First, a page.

February 25, 2010

One Way to Get a Free Shower

It all started with a text message, “For you the hallway bell doth toll.” Our apartment has prepaid electricity and when our meter is running low, we head downstairs, talk to the guards, get our new electricity card, and recharge our meter. (We usually do this 1-2 times per semester.)

So downstairs I go to retrieve the electricity card. First attempt was unsuccessful (but maybe I should reserve that definition for the second attempt as we’ll see later). The guard informed me that he needed some collateral to ensure I’d bring the electricity card back. I offered him my keys, but he refused. He wanted something more valuable.

Back upstairs, actually up the elevator, to get the more valuable possession, my university ID card. Now I don’t consider this card to hold too much value, but if it’ll get my electricity refilled by handing it over, then so be it. And back downstairs to get the electricity card.

With it all squared away, I traded the university ID card for the electricity refill card and turned to leave.


Out shot a stream of hot water from the radiator! The cargo pockets on my pants caught the end of the radiator and broke off the release valve! I immediately tried to plug the hole with my thumb but the pressure was too high. I managed to hold the radiator closed from some time as the guard dialed numbers on his emergency phone list. The guard was getting no response. He tried number after number trying to get someone to come help out.

I keep the pressure on the valve with my thumb braving the hot water and spraying water as the pressure built up. It got harder and harder to hold my thumb in place. Sometimes I adjusted my thumb shooting the water out again. The guard franticly waved at me to cover the hole again. I pressed on, literally pressing my thumb for what seemed like forever. Then, the guard came out of his office to check out the damages and informed me that the “plumber” would call him back in a minute.


As I was spraying myself and the walls with the water adjusting my thumb and trying other techniques to stop the water, other guests would come and go. Each one would gasp at the sight of the first floor covered with water, black water, and what plaster from where the water had shot off the wall! And it stunk. The water had an old nasty smell to it. But I kept holding it off with my thumb hoping someone would understand my broken Chinese asking for a pencil.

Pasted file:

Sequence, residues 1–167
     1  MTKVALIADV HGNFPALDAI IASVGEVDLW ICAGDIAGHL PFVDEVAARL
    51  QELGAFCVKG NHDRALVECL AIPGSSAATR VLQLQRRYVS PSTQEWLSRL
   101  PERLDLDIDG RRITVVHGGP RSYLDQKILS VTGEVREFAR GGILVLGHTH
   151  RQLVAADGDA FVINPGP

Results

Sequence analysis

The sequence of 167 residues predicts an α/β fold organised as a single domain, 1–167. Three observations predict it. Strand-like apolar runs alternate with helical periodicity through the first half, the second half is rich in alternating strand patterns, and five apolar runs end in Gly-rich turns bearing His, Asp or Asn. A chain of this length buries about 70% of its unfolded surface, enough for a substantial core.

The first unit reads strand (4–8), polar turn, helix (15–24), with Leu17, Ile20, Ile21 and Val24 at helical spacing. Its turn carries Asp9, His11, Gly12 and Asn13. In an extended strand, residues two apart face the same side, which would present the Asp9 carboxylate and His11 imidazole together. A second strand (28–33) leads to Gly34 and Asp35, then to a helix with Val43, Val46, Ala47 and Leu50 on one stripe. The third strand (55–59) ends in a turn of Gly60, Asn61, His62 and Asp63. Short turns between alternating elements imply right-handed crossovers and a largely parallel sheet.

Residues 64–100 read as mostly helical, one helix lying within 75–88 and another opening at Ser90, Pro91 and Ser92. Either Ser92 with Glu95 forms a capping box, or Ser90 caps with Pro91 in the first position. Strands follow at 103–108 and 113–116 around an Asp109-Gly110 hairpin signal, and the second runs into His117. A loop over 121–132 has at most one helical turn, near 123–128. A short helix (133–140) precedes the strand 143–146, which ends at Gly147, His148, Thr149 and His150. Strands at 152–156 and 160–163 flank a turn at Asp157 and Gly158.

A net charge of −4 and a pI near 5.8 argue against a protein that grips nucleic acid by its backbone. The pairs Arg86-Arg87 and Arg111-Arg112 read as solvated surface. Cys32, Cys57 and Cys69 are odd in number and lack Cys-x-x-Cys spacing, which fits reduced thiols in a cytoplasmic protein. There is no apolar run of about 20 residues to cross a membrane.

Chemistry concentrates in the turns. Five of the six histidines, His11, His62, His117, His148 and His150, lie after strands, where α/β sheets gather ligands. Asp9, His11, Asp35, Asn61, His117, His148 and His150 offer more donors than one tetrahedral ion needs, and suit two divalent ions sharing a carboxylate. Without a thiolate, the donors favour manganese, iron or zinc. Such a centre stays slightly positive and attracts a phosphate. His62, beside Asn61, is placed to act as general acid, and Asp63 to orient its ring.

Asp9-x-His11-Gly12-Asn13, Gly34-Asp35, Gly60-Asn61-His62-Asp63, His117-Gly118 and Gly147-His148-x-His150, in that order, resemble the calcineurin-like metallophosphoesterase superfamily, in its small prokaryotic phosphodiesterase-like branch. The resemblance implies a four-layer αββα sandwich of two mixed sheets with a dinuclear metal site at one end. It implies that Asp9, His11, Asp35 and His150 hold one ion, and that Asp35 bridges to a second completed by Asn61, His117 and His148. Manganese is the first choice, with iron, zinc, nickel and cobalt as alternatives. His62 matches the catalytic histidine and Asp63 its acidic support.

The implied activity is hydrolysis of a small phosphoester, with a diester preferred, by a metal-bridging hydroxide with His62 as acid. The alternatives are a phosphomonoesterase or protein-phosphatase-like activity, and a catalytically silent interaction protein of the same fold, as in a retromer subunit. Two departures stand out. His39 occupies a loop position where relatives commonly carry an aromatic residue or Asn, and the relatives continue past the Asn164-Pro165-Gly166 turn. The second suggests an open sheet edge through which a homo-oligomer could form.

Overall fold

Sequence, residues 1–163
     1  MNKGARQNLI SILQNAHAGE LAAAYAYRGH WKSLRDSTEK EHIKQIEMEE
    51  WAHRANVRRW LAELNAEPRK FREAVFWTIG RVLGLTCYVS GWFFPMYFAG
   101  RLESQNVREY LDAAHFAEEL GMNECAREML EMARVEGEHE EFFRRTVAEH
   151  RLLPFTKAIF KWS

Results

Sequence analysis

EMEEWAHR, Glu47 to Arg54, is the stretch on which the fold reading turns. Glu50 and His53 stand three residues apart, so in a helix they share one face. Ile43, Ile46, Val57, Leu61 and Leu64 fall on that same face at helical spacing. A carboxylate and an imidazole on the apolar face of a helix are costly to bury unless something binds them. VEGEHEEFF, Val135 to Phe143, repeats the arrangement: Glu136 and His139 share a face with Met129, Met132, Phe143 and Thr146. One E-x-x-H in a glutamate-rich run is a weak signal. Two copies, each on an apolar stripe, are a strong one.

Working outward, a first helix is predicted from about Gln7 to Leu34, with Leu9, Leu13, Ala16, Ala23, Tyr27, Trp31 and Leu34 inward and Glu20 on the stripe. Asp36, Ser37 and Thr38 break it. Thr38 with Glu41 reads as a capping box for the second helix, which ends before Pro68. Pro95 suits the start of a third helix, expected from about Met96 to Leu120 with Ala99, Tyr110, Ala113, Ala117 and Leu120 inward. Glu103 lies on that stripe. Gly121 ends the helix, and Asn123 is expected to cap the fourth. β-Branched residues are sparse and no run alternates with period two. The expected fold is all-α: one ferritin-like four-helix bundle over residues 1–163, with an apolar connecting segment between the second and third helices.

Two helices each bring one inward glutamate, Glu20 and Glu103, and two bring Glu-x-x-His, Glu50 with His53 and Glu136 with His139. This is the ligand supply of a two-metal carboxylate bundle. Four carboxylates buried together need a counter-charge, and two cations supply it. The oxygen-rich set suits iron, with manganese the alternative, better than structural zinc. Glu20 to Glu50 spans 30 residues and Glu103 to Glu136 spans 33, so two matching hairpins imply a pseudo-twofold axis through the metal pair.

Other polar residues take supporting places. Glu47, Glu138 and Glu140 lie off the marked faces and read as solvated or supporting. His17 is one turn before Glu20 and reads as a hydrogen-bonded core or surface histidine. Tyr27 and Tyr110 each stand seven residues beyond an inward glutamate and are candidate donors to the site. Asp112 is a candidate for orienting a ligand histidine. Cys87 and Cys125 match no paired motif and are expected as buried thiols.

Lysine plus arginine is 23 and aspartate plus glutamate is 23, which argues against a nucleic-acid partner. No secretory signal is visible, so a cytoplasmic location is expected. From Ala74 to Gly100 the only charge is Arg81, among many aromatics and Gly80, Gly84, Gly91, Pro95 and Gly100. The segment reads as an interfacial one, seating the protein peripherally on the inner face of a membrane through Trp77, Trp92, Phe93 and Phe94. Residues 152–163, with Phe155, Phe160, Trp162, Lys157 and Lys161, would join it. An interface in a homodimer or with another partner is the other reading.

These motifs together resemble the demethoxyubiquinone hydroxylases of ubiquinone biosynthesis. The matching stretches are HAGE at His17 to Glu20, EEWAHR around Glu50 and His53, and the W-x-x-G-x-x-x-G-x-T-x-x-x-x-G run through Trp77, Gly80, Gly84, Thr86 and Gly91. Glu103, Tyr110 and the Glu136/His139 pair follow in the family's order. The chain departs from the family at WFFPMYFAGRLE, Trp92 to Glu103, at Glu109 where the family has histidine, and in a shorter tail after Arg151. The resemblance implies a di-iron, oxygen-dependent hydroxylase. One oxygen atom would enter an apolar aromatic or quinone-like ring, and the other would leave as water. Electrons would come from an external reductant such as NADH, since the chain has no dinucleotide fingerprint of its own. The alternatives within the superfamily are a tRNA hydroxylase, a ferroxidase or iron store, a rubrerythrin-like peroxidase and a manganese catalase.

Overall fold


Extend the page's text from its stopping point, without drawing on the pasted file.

Finally another guard came in the building. I guess it was his shift change. He understood my Chinese and tossed a pencil from his office to me that I used to plug the hole. I continued to hold the pencil for 10-15 minutes longer waiting for the plumber.

The plumber finally arrived carrying only pliers. He examined the situation. I handed him the broken valve which he examined and tossed back to me. I continued to hold the pencil effectively stopping the flow of water from the radiator. The plumber looked for a valve that would turn off the water to the radiator, but there was none. (As a note, the radiators in our apartment had a red valve to turn off the water if I break one in our apartment.)

After he looked for the shutoff valve, he returned to the office with the guard. The both looked over the phone list again and decided to take a smoke break. A SMOKING BREAK! I’m still holding the pencil in the radiator and your smoking!

After the cigarettes were done, the plumber comes back out of the office and asks me to release my hold on the pencil to see if the pencil will stay on its own. I do gingerly and the pencil does its job!

Now came the fun part, cleaning up the water that’s everywhere. The guard gets a broom, dust pan, and bucket and started to sweep up the water one bucket at a time. I offer my help and asked for another broom but there are no more.

Another man worker came in the building and immediately asked what happened. The guard simply said, “TA!” (Meaning HIM!) as he pointed my direction. Next to come down the elevators were the cleaning ladies carrying the trash out. They ask the same question to which the guard responded, “TA!”

Not knowing what to do, I stand around as the guard does some cleaning. Then finally the guard says some more Chinese “Mei shi” meaning it doesn’t matter and informed me that I could go. So I left to take a shower and clean up my own mess!


I returned the electricity card an hour later and the guard smiled and waved at me again saying “mei shi.” Today when I went down to replace our bottled water, another guard was on duty. He had heard the story and smiled at me asking if I broke the valve yesterday. As for the damages…

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